Appstar Financial Scam

Have you seen the rumors about Appstar Financial being a scam? After doing some research I have discovered the background story.

Starting in late 2009 the posts about Appstar being a scam started to surface on blogs, forums and even on some hiring portals.  But despite their A+ rating with the Better Business Bureau, Appstar Financial has become a victim of the well-known “Company Name Scam” autocomplete problem with  The problem manifests itself when a user goes to Google and starts to type the name of a product, service or company and then the “Google Suggest” provides options and auto complete suggestions based on what they “think” the user is looking for.  Google uses a complex algorithm based on similar searches of hundreds of thousands of users and begins to auto complete what they feel would be the most likely search phrases based on what the user has typed thus far.

An easy to demonstrate and HELPFUL example is the drop down appearing when you search for a certain product or model name of a product from a specific manufacturer.  Take a look at the attached image for the Google Suggest for “Canon Cam”. As you would expect, Google returns “cameras and camcorders” as part of the suggestion list to be helpful to the user.  In this instance, I think we would all agree that this is helpful to both the merchant and to the searcher.  Google has done its job of connecting an end user with the information that they are looking for.

Now I am going to demonstrate the auto complete feature where the displayed result is good for the consumer but can negatively impact the company.  K-Mart is an example. When running a search for the retail giant “K-Mart”, Google would suggest phrases like “K-Mart Coupons” or “K-Mart Discounts”. Even if the user had no intention of shopping with a coupon, Google displayed this as part of their suggestion. Now it may not seem like much, but providing easy access to online coupons is a way for e-commerce stores to gain new customers. The ease of access to these coupons has a measurable impact on company profits.  Online revenue increases improving overall profitability even if profitability is lower from coupons clients. No one feels bad for K-Mart or other mega corporations when the Google algorithms suggest discounts, but it does have an impact on profitability.

It’s not just mega corporations that have these issues.  Any search with a sufficient  quantity of unique searchers is vulnerable to this problem.  Matt Cutts, who is a key employee and head of the Web Spam team at Google has been called a scam online.  And because Google wants to show both sides of the story when you Google Matt Cutts name you will see that it says “Matt Cutts scam” as one of the options.


Google has been heavily criticized for allowing searches to be displayed on the drop down that were not substantiated with fact.  There was a major court case in France in which Google was been forced to remove the word scam from their listings.  Google defended their position by saying that it was “denied its liability due to the automatic nature of its Google Suggest function”. They simply stated that it was the software that determined what was displayed without human intervention even if there was no merit to Google adding “scam” to a company’s search results.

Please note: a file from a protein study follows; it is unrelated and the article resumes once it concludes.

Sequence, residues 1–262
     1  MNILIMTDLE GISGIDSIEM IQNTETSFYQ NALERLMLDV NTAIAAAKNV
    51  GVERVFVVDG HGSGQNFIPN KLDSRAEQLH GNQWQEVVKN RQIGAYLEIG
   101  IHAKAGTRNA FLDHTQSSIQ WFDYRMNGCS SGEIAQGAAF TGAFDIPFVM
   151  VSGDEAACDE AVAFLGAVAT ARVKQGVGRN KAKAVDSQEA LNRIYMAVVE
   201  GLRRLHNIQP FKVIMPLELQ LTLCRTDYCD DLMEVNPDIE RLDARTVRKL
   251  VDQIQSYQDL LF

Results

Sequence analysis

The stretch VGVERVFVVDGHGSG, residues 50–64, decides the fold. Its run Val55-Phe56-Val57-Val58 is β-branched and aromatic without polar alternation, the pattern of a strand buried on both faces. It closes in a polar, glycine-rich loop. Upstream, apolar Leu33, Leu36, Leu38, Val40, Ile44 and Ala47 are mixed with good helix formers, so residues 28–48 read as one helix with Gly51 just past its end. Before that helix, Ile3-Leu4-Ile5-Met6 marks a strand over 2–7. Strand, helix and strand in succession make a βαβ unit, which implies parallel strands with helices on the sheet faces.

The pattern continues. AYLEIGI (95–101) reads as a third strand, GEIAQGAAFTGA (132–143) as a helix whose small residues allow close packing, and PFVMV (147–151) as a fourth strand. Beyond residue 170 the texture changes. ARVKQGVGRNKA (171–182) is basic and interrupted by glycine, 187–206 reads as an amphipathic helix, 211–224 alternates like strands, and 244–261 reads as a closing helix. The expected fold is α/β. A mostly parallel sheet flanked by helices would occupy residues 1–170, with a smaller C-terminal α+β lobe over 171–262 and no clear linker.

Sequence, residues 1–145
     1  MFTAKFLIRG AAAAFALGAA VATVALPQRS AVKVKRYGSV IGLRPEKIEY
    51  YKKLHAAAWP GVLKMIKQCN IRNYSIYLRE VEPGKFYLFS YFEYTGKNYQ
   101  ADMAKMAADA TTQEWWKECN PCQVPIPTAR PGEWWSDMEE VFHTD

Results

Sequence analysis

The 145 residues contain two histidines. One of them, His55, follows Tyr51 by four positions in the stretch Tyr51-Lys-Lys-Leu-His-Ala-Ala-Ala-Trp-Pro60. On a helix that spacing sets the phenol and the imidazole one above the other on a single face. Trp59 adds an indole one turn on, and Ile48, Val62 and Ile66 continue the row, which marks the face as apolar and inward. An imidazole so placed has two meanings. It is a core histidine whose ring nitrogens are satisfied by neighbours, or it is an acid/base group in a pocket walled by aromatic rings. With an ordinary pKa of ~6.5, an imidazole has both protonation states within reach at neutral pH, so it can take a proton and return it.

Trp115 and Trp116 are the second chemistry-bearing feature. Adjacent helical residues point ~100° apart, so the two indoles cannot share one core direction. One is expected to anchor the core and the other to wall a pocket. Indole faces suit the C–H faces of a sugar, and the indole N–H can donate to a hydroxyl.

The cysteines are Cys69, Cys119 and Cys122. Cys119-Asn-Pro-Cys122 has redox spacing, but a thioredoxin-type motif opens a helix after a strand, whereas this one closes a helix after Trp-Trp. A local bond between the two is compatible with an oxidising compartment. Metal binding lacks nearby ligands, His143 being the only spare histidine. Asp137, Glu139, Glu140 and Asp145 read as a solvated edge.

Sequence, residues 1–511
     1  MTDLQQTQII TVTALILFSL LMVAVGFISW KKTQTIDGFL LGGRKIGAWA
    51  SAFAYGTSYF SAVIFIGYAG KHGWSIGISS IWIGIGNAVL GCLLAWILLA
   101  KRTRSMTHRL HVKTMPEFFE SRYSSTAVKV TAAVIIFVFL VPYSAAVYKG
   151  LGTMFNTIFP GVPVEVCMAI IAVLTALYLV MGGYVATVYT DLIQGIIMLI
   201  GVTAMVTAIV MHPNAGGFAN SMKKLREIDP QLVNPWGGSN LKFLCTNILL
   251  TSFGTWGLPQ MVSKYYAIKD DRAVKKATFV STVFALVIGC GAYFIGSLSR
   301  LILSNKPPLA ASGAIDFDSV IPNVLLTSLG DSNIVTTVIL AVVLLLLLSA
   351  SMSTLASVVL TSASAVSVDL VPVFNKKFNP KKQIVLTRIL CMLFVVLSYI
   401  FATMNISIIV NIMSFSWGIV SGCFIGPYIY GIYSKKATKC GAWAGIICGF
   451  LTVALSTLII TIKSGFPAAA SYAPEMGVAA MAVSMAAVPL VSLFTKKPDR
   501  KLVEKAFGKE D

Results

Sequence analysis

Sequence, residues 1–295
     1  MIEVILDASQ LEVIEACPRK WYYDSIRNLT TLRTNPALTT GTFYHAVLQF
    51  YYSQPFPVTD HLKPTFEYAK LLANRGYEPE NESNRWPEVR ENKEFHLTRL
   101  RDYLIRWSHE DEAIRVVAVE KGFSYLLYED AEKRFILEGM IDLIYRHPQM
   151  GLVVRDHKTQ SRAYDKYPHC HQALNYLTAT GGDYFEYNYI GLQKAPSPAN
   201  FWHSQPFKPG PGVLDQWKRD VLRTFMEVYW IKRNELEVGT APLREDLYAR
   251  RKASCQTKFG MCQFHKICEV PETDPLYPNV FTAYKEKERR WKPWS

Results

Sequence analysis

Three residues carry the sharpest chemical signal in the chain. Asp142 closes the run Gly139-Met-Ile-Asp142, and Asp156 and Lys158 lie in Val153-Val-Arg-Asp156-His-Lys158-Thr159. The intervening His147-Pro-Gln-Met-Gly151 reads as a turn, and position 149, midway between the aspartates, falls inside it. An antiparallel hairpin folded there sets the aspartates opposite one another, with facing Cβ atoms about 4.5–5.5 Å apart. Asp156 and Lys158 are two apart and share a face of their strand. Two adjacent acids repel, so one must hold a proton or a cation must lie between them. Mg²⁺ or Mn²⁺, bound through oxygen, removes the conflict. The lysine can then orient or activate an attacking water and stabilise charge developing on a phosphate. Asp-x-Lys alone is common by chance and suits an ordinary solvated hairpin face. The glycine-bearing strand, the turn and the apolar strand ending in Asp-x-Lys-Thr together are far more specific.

Now back to Appstar Financial scam complaints.

When you search the internet for “Appstar Financial scam” or “Appstar Financial rip off” you will find a number of sites that allow anonymous posting that have unhappy customers and ex-employee who posted reviews for Appstar Financial. The majority of these date back several years, which is not to say that all the complaints were invalid. But when you look into the allegations, it is mostly unsubstantiated venting of frustrations.   There were some reports of customers being charged cancellation fees for breaking their contracts early and that they did not understand what they were signing.  As the US economy began to tank in 2008/2009 and companies went out of business, it makes sense that frustrated business owners who were faced with normal and customary cancellation or termination fees all of a sudden called Appstar a scam.

The anonymity of the Internet is the perfect sounding board for venting personal frustrations and finding people who will sympathize with each other. However, Appstar Financial has is a major player in the credit card processing and merchant services world – their management team and customer service representatives work had to resolve any possible customer issues.  In the rare occasions where working through the company directly did not resolve the customer complaint, the BBB has stepped in to ensure the satisfaction of all those involved.   Appstar has maintained an A+ rating with the BBB and has resolved all claims regarding their business activities.

Appstar is a large company with hundred of sales reps and thousands of clients.  They have successfully resolved 184 of 184 complaints – this is a  testament to their exemplary customer service and their ability to resolve issues positively with frustrated clients.

Is Appstar a scam? Well, a few years ago when people were trying to save money at every turn, they did not read the agreements that they signed. If you trust the integrity of the BBB, it seems that many of the negative online reviews are unfounded and the ones with merit have been resolved.

A warning to everyone is if you are going to operate a business on the Internet, you have to carefully watch the results being displayed by Google, you never know what people will find when they search.

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